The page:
Greg Mankiw posted a link to this study, entitled "The Undergraduate Origins of Ph.D. Economists," by John Siegfried and Wendy Stock at Vanderbilt University. Table 3 on page 25 ranks American Universities in order of which institutions were the undergraduate alma mater of the most Ph.D. economists who received their degrees between 1997 and 2003. Brigham Young University ranks 13th, right behind Yale, Princeton, MIT, Penn, and Maryland. This year we had students accepted to Yale, Princeton, Chicago, Wisconsin, Maryland, UT Austin, Duke, UCSD, UCLA, UCSB, and Washington University-St. Louis. In my biased opinion, they get a pretty good undergraduate economics training at BYU. But it is nice to have another independent appraisal.
I've read a couple excellent articles in the last two days.  First, a piece by Nobel Laureate Vernon Smith and Steven Gjerstad in the Wall Street Journal.  And today, a fine work by Mario Rizzo of NYU. 

Gjerstad and Smith outline how the increase in consumer debt that results from a fall in home prices can lead to huge losses for the financial sector and severe recessions.  They point out how the losses from the stock market couldn't have caused the Great Depression (the timing wasn't right), but how the fall in home prices caused many banks to fail.  They also ask the great question- how did a $10 trillion fall in equity values from the Dot-com bubble not result in financial troubles even close to the levels we've seen after a $3 trillion dollar fail in home values?  Their conclusion is basically that homes are much more leveraged than stocks and thus the financial sector takes huge losses when home values fall.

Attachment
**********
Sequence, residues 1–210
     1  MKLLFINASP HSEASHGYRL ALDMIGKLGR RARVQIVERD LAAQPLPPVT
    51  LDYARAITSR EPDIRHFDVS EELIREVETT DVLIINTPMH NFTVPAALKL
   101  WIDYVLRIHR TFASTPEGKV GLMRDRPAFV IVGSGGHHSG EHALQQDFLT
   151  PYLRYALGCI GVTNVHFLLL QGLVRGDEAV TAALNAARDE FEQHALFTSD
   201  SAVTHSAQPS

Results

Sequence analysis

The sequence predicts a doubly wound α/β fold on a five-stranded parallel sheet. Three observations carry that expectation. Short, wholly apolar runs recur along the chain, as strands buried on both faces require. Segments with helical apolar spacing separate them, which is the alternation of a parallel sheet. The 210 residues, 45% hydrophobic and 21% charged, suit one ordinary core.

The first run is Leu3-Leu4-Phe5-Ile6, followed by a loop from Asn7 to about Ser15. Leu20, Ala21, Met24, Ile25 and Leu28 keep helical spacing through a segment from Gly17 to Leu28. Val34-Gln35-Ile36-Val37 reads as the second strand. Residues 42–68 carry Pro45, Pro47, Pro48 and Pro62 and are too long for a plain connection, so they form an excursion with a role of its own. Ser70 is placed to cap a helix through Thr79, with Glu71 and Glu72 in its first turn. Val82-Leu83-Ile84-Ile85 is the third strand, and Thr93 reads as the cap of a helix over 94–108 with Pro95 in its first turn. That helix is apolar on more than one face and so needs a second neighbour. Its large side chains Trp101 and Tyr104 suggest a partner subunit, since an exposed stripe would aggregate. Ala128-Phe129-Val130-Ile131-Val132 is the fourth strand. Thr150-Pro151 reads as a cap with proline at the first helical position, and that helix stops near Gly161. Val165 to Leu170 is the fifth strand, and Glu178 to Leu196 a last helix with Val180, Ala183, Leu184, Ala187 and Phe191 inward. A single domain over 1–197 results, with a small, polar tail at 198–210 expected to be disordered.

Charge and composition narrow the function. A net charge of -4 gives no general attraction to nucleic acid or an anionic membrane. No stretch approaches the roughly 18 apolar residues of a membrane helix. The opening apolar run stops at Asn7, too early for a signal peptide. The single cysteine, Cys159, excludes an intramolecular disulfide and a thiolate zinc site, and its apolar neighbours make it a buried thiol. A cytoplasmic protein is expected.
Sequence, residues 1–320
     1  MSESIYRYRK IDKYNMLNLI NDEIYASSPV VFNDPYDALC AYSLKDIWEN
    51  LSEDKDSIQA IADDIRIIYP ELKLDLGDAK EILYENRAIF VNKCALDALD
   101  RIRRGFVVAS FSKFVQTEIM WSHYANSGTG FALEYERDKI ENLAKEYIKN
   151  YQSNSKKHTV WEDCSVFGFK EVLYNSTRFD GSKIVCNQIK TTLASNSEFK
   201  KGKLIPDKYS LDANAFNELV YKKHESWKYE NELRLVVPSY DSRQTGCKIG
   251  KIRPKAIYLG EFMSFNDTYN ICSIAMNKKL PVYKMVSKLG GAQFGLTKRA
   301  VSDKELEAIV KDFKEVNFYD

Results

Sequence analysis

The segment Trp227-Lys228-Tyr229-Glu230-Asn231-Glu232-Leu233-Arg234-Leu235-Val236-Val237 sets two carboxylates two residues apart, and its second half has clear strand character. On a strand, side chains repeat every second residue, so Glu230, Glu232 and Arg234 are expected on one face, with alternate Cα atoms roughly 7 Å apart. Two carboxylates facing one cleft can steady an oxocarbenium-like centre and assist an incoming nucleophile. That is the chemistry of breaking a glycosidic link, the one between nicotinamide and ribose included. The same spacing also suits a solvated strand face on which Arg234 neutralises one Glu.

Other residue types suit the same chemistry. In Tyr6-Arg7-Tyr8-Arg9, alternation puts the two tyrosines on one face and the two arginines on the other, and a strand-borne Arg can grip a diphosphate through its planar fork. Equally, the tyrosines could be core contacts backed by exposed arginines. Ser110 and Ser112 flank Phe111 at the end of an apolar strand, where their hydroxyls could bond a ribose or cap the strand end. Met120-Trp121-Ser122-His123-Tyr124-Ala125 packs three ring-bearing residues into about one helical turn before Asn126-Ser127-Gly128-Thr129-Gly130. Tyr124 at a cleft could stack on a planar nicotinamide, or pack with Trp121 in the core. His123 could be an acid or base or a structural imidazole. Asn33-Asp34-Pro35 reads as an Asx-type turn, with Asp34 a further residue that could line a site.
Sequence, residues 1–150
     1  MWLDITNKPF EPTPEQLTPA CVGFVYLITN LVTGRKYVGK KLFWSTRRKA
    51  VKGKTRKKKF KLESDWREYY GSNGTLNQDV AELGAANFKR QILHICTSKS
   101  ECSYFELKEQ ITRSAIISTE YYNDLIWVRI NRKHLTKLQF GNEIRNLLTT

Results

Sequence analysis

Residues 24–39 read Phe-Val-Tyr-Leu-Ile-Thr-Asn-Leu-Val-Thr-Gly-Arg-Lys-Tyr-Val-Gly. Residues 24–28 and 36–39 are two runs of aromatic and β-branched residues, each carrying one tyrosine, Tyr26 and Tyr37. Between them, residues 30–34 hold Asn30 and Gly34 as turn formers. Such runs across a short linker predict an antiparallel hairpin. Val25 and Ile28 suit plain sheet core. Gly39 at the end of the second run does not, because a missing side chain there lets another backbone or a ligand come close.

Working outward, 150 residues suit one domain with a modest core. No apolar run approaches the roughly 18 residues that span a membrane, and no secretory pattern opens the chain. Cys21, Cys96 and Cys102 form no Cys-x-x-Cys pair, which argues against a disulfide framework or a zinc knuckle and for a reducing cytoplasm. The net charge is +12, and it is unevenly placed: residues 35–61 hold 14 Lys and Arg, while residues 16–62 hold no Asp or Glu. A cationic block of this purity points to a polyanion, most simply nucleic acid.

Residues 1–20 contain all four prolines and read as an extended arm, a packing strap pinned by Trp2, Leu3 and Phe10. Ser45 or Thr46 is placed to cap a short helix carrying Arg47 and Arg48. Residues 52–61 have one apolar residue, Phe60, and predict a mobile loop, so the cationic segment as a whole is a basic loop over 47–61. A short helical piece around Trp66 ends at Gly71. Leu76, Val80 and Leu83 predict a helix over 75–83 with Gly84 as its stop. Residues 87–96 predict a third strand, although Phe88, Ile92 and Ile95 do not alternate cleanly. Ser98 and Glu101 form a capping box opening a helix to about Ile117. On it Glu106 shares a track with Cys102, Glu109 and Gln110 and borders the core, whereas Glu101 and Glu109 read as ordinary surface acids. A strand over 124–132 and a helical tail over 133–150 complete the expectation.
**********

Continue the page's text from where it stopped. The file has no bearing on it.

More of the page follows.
Cookie and Ernie do Bernie

Thanks to Kerk for sending me this link and to the folks at Jimmy Kimmel for creating it.

The economics of Swoopo

If you want to be mesmerized by a fascinating auction site, go to Swoopo.com and click on an item that has less than 15 seconds on its countdown clock. Swoopo is what some of my colleagues have recently termed a pay-to-bid auction. You pay $0.75 to bid, and each bid raises the price by $0.15. If the item has been up for auction for more than 24 hours, then a 15-second timer gets reset every time somebody makes a bid. If no one else bids within the 15-second period since your bid, you win the item.

Two of my colleagues, Brennan Platt and Joe Price, along with one of our undergraduate students (Henry Tappen), have written a paper entitled, "Pay-to-bid Auctions," that beautifully lays out the economics of these Swoopo-type auctions.


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A great paper title from Michele Tertilt and Alice Schoonbroodt; "Who owns Children and Does it Matter?".

It looks like a pretty interesting paper:

Further, we show that the lack of property rights that parents have over children today may indeed lead to inefficiently low fertility levels. This is an interesting break-down of Coase's theorem, and we provide a detailed analysis of the mechanism responsible for the break-down.
Tertilt is very good economist and a prolific researcher in the macroeconomics of family structure.  I've done some RA work in this area myself, and besides being interesting, I think it has great potential to explain some key macroeconomic facts (e.g. What has the dual income household done to household income and wealth inequality?).

More great TV



  • Richard W. Evans is an Assistant Professor of Economics at Brigham Young University

  • Jason DeBacker is an Assistant Professor of Economics at Middle Tennessee State University

  • Kerk L. Phillips is an Associate Professor of Economics at Brigham Young University